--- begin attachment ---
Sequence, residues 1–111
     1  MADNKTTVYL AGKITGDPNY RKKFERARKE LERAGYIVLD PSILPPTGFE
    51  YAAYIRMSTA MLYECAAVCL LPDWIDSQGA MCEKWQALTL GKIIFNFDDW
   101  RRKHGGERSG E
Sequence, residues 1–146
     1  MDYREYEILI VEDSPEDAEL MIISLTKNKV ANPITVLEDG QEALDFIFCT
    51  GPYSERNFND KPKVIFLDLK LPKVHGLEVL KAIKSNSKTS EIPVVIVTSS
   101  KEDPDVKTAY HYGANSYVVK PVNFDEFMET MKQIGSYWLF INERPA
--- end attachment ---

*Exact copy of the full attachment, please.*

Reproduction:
Sequence, residues 1–111
     1  MADNKTTVYL AGKITGDPNY RKKFERARKE LERAGYIVLD PSILPPTGFE
    51  YAAYIRMSTA MLYECAAVCL LPDWIDSQGA MCEKWQALTL GKIIFNFDDW
   101  RRKHGGERSG E
Sequence, residues 1–146
     1  MDYREYEILI VEDSPEDAEL MIISLTKNKV ANPITVLEDG QEALDFIFCT
    51  GPYSERNFND KPKVIFLDLK LPKVHGLEVL KAIKSNSKTS EIPVVIVTSS
   101  KEDPDVKTAY HYGANSYVVK PVNFDEFMET MKQIGSYWLF INERPA